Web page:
She accelerated. I looked at Billy approaching the corner, and I thought things could be worse. I could be married to Billy and be all scruffy, walking alongside him and that strange dog.

We started chugging up the hill toward Wendy’s neighborhood and I looked back to see if maybe I could get one more glimpse of Billy, and I saw a magenta stretch limo rising up behind the buildings behind us on Doubie Avenue. It looked like it was right near Marvin’s.

“Stop the car!” I yelled. Wendy hit the brakes. I jumped out, pulled my camera out of its case. “Hey, get out. Bring your iPhone. There’s something peculiar up in the sky.”

“Wow!” Wendy said as she tapped her phone to take a video of the vehicle as it got smaller and smaller as it rose into the sky.

Soon it disappeared. We got back into the car and rushed to Wendy’s so we could upload her video to YouTube and my pictures to Facebook. We were so excited we forgot all about the presents. But the video and pictures were all blurry. We kept checking YouTube and Facebook to see if anybody else saw the thing taking off and got better pictures, but hours went by, and nothing showed up. Then we realized that Marvin hadn’t come home, which was very strange. We were getting tired but we couldn’t even think about sleeping not knowing where Marvin was, so we sat in her kitchen and stayed up all night. And he never came home.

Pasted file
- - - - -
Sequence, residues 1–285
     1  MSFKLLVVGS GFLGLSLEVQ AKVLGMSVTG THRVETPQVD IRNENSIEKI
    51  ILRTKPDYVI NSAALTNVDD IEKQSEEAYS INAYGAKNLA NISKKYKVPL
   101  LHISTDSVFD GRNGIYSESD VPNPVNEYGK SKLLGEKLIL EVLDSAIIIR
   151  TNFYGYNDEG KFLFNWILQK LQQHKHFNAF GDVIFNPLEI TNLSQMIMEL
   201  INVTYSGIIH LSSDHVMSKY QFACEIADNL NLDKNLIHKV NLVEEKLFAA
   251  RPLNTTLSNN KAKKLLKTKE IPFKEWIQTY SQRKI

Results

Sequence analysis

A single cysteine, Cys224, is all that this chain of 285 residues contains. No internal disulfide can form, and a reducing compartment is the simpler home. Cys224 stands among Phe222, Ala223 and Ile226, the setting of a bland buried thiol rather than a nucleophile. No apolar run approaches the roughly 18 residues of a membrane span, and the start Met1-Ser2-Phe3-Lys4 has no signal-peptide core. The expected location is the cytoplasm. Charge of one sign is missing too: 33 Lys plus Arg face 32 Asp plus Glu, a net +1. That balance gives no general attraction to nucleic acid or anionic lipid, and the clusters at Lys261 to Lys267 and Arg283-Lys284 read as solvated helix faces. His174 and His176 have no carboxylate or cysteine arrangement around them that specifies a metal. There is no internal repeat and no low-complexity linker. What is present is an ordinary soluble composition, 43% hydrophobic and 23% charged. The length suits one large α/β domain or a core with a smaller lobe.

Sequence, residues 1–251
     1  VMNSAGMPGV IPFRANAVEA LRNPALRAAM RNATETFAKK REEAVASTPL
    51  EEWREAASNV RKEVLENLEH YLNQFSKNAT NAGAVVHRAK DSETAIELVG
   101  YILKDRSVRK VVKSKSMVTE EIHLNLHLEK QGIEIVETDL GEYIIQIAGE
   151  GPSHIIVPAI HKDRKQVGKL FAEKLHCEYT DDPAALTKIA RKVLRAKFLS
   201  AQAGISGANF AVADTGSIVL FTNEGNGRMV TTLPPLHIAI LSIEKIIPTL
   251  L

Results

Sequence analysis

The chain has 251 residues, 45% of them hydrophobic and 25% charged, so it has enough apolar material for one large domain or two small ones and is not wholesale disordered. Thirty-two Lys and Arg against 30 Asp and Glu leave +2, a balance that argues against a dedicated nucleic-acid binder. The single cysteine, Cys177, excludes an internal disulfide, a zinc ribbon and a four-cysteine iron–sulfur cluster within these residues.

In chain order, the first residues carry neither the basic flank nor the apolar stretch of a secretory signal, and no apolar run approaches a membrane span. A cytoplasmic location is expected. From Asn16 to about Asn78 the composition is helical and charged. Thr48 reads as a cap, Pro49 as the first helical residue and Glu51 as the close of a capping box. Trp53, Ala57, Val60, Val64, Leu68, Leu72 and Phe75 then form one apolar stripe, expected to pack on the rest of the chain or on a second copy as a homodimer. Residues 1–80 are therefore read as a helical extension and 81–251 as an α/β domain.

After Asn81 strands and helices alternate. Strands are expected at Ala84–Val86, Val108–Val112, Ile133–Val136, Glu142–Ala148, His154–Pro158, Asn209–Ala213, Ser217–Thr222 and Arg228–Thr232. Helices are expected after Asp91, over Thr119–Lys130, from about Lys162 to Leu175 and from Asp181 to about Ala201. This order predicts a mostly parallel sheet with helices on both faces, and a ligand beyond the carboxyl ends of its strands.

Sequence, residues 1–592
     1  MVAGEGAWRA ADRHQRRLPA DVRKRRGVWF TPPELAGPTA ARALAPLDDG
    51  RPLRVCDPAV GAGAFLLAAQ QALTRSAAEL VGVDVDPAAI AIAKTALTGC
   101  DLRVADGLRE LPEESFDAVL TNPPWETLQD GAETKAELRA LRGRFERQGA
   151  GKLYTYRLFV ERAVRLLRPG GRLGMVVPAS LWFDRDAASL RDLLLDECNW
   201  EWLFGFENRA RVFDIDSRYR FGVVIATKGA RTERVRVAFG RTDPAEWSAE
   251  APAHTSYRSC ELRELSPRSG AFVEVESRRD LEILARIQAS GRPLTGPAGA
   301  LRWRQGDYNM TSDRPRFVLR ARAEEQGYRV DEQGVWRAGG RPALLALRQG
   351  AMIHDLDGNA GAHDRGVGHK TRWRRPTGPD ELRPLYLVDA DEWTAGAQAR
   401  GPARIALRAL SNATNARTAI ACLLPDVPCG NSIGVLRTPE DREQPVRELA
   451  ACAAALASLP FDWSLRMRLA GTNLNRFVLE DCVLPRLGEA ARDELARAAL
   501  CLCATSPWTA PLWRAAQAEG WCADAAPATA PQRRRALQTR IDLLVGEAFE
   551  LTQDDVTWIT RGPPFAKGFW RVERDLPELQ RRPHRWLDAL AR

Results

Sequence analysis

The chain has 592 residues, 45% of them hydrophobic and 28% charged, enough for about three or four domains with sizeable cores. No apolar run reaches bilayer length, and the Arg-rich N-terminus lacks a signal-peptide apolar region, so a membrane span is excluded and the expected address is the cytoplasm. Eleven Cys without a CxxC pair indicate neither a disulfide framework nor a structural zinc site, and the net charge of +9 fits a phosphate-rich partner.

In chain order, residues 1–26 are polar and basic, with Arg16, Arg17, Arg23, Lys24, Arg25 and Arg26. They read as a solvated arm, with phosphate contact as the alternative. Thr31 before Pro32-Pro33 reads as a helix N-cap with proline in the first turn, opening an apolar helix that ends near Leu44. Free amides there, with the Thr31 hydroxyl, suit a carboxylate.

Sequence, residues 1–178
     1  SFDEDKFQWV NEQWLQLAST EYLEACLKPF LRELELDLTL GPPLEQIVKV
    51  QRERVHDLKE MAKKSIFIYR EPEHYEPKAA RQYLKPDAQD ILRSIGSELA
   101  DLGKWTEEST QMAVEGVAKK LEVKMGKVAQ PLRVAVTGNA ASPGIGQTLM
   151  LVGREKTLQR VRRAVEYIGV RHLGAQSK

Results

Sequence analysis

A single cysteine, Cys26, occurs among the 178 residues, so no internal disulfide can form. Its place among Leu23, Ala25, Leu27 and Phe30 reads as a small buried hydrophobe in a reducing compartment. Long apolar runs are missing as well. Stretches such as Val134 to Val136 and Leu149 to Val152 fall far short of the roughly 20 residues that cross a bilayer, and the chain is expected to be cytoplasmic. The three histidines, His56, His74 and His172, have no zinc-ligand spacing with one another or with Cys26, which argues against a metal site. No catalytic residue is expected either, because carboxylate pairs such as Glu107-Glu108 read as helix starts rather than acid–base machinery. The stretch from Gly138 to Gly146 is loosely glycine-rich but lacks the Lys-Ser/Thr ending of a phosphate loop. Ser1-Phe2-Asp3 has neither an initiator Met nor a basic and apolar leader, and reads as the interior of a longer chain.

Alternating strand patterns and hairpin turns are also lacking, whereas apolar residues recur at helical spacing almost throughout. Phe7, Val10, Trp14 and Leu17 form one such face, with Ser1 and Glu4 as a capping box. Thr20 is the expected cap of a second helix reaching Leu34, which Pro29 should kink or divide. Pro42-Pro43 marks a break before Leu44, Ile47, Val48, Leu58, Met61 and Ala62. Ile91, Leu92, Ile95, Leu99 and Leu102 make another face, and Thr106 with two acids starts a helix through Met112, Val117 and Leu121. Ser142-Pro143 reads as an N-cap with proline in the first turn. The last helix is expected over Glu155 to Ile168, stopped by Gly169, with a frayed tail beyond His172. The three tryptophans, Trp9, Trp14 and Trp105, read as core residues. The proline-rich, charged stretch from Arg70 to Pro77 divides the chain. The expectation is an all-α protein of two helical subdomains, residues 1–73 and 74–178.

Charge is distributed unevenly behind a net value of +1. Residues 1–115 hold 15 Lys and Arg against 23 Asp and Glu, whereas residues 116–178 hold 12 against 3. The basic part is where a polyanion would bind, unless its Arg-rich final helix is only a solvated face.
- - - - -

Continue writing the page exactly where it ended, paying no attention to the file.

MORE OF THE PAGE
We went to the Bellyup police station to report Marvin missing, and Chief Homan said we should wait a little while. Marvin probably went out drinking with friends and wound up sleeping it off on somebody’s couch. Wendy said everybody in town knows Marvin doesn’t drink or do drugs, and we stormed out of there and got back in the car. We drove around town through all our old haunts. And then we came home and heated up some leftover split pea soup.

Wendy was real quiet, so I thought I’d start a conversation.

“I shoulda married Jerry Brown like I was supposed to do. Then none of this would be happening now.”

Wendy snorted and said, “That’s a bunch of horse pucky, Caris.” Then she started laughing, and she hasn’t stopped.

I’m wondering what we’re going to do with all the presents we bought yesterday.  They’re just sitting all rumpled up in the back of the car.